Energy in a chemical process • • • Thermal (electric) Cooling (water condensers, water

Energy in a chemical process • • • Thermal (electric) Cooling (water condensers, water circulators) Distillation Equipment (lab hood) Photo Microwave Source of energy: • Power plant – coal, oil, natural gas 3/12/2021 30

Alternative energy sources: Photochemical Reactions Two commercial photochemical processes (Caprolactam process & vitamin D

Alternative energy sources: Photochemical Reactions Two commercial photochemical processes (Caprolactam process & vitamin D 3) Caprolactam process Nitrosyl chloride NOCl NO˙ + Cl˙ (535 nm) 3/12/2021 Chem-442 31

7. Use of Renewable Feedstocks A raw material or feedstock should be renewable rather

7. Use of Renewable Feedstocks A raw material or feedstock should be renewable rather than depleting whenever technically and economically practical. 3/12/2021 32

Polymers from Renewable Resources: Polyhydroxyalkanoates (PHAs) • Fermentation of glucose in the presence of

Polymers from Renewable Resources: Polyhydroxyalkanoates (PHAs) • Fermentation of glucose in the presence of bacteria and Propanoic acid (product contains 5 -20% polyhydroxyvalerate) • Similar to polypropene and polyethene • Biodegradable (credit card) 3/12/2021 Chem-442 33

Polymers from Renewable Resources: Poly(lactic acid) http: //www. natureworksllc. com/corporate/nw_pack_home. asp 3/12/2021 34

Polymers from Renewable Resources: Poly(lactic acid) http: //www. natureworksllc. com/corporate/nw_pack_home. asp 3/12/2021 34

Raw Materials from Renewable Resources: The Bio. Fine Process Paper mill sludge Agricultural residues,

Raw Materials from Renewable Resources: The Bio. Fine Process Paper mill sludge Agricultural residues, Waste wood Levulinic acid Green Chemistry Challenge Award 1999 Small Business Award Municipal solid waste and waste paper 3/12/2021 35

Levulinic acid as a platform chemical butanediol Acrylic acid Succinic acid MTHF (fuel additive)

Levulinic acid as a platform chemical butanediol Acrylic acid Succinic acid MTHF (fuel additive) THF Diphenolic acid gamma butyrolactone 3/12/2021 Chem-442 DALA ( -amino levulinic acid) 36 (non-toxic, biodegradable herbicide)

Activity-02 • Gather some ideas for Green Day • Google international celebrated days and

Activity-02 • Gather some ideas for Green Day • Google international celebrated days and develop a program. • Discuss the programs on 23 rd Sep 3/12/2021 37

8. Reduce Derivatives Unnecessary derivatization (blocking group, protection/deprotection, temporary modification of physical/chemical processes) should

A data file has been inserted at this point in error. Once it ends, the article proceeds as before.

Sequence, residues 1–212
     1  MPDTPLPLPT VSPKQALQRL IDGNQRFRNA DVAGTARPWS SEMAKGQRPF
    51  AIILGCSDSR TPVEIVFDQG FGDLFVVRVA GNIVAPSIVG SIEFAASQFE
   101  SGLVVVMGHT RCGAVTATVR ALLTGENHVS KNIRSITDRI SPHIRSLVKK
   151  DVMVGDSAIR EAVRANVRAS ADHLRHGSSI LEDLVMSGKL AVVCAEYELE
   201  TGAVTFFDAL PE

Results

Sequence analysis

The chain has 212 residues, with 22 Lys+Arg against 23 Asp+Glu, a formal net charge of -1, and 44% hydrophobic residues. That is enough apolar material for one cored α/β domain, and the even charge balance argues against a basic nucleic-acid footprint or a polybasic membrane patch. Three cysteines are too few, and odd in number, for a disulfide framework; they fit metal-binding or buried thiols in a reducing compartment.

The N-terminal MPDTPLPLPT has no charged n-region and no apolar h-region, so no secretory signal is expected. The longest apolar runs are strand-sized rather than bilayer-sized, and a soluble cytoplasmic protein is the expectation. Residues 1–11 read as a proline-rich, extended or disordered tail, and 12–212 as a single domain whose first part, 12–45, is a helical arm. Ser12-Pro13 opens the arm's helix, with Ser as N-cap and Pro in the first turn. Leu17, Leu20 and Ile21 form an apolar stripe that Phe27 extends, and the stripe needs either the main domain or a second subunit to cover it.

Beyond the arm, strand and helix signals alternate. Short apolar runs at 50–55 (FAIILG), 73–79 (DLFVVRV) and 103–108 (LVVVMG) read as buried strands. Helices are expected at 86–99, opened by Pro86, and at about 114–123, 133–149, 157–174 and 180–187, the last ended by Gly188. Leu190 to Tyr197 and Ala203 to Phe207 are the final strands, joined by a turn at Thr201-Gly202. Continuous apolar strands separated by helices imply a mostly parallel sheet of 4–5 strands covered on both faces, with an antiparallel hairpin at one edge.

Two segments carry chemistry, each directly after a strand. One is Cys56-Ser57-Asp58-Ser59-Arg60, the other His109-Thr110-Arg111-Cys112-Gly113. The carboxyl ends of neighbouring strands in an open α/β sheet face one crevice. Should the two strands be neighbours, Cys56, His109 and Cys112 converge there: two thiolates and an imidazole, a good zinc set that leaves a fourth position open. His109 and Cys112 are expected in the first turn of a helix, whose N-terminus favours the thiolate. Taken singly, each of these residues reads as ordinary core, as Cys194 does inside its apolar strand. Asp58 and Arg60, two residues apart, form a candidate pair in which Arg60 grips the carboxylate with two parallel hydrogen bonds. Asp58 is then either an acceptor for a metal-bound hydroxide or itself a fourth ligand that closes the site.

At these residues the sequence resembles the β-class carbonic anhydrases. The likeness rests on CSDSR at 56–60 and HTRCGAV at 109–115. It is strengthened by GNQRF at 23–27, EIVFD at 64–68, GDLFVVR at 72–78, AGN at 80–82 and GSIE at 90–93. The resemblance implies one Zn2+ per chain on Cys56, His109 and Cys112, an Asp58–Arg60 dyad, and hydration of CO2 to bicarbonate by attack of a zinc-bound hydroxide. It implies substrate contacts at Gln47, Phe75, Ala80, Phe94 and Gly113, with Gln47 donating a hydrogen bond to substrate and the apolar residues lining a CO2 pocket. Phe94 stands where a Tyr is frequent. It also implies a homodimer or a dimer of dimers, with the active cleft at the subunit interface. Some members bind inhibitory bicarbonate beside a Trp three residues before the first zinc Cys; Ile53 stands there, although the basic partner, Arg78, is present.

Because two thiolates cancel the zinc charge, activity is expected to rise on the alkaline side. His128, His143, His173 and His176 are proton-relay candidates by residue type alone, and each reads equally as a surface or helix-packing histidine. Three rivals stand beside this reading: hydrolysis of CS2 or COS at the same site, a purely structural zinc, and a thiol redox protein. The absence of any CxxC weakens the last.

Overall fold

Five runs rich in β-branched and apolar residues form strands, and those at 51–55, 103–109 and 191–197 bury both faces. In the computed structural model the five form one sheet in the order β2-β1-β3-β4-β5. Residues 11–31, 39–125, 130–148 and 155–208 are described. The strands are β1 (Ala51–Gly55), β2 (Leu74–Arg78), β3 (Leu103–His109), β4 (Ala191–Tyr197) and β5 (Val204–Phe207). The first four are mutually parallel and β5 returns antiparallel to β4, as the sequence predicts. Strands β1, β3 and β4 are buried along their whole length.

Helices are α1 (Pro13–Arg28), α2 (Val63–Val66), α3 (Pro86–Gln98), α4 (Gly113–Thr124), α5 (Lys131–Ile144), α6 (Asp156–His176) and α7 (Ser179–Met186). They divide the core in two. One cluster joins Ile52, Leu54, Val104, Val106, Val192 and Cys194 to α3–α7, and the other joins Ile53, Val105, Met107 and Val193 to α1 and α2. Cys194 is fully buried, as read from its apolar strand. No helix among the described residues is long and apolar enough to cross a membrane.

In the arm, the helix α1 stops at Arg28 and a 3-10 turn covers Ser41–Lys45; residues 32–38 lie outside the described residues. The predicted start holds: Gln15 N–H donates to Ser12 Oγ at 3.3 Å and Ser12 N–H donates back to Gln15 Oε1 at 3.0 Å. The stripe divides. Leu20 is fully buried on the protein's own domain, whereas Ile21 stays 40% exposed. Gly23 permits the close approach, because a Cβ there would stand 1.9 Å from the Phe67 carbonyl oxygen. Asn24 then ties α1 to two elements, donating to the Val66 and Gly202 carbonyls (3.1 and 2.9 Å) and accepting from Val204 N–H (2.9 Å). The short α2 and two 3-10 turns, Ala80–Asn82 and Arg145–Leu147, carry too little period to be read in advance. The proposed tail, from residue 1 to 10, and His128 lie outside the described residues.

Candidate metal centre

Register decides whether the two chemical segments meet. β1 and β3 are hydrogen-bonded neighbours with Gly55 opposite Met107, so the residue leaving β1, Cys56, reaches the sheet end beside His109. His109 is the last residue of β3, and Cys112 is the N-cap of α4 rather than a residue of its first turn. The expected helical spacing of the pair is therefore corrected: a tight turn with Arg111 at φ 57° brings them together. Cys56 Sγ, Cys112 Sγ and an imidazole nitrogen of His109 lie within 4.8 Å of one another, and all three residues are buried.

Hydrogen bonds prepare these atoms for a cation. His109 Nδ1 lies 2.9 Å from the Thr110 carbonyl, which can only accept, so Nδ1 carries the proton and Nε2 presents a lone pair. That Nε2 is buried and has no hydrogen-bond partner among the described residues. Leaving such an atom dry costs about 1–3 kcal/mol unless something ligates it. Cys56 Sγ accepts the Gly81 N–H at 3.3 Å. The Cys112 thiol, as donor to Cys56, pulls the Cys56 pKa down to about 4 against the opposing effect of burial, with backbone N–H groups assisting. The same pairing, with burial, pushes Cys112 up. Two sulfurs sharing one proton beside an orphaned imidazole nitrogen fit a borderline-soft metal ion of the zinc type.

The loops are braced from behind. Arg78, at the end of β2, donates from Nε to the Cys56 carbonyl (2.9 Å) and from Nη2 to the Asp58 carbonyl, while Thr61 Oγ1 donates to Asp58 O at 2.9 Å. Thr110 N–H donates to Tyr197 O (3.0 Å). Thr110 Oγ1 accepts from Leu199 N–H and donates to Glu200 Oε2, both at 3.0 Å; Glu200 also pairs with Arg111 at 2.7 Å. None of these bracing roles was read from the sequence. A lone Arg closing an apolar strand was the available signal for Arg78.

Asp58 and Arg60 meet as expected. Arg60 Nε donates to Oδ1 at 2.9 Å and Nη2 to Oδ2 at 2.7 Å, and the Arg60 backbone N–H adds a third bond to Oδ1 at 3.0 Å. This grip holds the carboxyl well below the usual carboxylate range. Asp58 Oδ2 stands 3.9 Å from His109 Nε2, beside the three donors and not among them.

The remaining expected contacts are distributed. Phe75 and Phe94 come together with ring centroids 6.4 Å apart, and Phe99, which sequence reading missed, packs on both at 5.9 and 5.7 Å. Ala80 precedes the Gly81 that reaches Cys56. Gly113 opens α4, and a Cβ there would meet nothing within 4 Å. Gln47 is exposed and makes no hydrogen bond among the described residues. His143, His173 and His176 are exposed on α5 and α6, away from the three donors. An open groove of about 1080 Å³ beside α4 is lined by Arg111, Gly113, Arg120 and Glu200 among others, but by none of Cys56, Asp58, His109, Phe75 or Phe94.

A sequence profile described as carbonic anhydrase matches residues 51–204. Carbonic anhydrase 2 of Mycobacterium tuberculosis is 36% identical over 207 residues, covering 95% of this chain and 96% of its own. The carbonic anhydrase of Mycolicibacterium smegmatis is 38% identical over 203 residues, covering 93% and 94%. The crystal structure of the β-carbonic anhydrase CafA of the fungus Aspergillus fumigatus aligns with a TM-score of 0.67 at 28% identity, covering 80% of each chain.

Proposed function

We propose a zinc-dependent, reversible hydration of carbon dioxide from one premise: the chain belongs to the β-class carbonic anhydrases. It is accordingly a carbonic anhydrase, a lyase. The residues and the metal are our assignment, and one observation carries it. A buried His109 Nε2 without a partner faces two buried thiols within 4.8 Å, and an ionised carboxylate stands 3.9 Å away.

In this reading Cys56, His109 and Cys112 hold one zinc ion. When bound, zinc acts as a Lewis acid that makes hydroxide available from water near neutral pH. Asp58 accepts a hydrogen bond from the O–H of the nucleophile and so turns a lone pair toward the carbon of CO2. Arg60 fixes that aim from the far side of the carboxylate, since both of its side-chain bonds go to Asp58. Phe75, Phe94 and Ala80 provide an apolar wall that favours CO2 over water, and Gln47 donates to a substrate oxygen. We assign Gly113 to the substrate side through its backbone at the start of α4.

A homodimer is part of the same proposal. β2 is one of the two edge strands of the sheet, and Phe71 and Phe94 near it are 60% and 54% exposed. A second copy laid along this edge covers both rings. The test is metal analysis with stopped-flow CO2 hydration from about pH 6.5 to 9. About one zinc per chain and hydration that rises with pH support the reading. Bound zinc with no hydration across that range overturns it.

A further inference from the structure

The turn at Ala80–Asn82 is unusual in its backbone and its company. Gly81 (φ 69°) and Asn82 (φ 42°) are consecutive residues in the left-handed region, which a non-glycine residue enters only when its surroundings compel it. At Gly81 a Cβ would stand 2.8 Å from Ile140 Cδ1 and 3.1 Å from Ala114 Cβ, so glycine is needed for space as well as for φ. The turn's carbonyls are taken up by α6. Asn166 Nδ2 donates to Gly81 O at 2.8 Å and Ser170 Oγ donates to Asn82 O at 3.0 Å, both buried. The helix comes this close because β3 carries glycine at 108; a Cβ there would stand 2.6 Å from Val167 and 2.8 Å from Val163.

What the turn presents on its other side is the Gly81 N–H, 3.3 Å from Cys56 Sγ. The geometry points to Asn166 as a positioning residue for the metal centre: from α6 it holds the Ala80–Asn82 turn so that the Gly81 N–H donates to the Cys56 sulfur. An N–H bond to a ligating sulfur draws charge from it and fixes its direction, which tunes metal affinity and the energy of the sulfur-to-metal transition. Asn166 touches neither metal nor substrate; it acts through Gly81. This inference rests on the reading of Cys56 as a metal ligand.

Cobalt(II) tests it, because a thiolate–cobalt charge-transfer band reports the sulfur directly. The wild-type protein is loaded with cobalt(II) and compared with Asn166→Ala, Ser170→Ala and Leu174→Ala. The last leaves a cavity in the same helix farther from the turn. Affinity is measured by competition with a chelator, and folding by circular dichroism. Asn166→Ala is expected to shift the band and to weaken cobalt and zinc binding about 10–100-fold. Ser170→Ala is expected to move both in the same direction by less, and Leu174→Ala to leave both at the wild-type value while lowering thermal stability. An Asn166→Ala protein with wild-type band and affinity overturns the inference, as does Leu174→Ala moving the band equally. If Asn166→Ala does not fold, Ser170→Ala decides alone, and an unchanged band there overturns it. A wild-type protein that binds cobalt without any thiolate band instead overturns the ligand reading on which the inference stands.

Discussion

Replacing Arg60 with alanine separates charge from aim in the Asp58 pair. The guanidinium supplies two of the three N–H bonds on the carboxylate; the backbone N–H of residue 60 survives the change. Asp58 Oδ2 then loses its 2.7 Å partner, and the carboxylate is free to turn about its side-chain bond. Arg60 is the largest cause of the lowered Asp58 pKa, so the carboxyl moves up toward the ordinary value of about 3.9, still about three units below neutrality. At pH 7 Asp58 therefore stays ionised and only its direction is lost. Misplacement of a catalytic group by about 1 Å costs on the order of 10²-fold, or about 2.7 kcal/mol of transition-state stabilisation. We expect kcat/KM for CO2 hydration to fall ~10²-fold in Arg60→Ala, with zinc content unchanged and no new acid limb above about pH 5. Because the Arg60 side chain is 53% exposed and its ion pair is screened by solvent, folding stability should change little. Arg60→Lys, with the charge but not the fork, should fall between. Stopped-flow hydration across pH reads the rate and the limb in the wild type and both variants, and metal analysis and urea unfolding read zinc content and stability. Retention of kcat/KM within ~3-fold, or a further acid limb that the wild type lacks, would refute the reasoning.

8. Reduce Derivatives Unnecessary derivatization (blocking group, protection/deprotection, temporary modification of physical/chemical processes) should be avoided whenever possible. 3/12/2021 38

 • In the first industrial synthesis Penicillin G (R=H) is first protected as

• In the first industrial synthesis Penicillin G (R=H) is first protected as its silyl ester [R = Si(Me)3] then reacted with phosphorus pentachloride at -40 o. C to form the chlorimidate 1 • Subsequent hydrolysis gives the desired 6 -APA from which semi-synthetic penicillins are manufactured. 3/12/2021 39

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 • This synthesis has been largely replaced by a newer enzymatic process using

• This synthesis has been largely replaced by a newer enzymatic process using penacylase. • This synthesis occurs in water at just above room temperature. • The new synthesis has many advantages from a green perspective one of which is that the Silyl protecting group is not required. 3/12/2021 41

Silyl ether • Silyl ethers are a group of chemical compounds which contain a

Silyl ether • Silyl ethers are a group of chemical compounds which contain a silicon atom covalently bonded to an alkoxy group. • The general structure is R 1 R 2 R 3 Si−O−R 4 where R 4 is an alkyl group or an aryl group. • Silyl ethers are usually used as protecting groups for alcohols in organic synthesis. 3/12/2021 42

 • More than 10, 000 metric tons of 6 -APA is made every

• More than 10, 000 metric tons of 6 -APA is made every year and much of it by the greener enzymatic process so this is a fantastic example of Green Chemistry making a real difference. 3/12/2021 43

9. Catalysis Catalytic reagents (as selective as possible) are superior to stoichiometric reagents. 3/12/2021

9. Catalysis Catalytic reagents (as selective as possible) are superior to stoichiometric reagents. 3/12/2021 44

Biocatalysis • Enzymes or whole-cell microorganisms • Benefits – Fast rxns due to correct

Biocatalysis • Enzymes or whole-cell microorganisms • Benefits – Fast rxns due to correct orientations – Orientation of site gives high stereospecificity – Substrate specificity – Water soluble – Naturally occurring – Moderate conditions – Possibility for tandem rxns (onepot) 3/12/2021 45